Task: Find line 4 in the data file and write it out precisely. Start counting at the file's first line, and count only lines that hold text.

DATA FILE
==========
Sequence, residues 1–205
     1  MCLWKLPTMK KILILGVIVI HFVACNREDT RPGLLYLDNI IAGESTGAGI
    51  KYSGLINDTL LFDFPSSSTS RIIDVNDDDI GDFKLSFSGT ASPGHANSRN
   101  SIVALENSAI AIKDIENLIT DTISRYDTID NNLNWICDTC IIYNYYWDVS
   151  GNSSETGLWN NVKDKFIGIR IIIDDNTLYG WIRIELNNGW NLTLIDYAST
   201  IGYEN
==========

   101  SIVALENSAI AIKDIENLIT DTISRYDTID NNLNWICDTC IIYNYYWDVS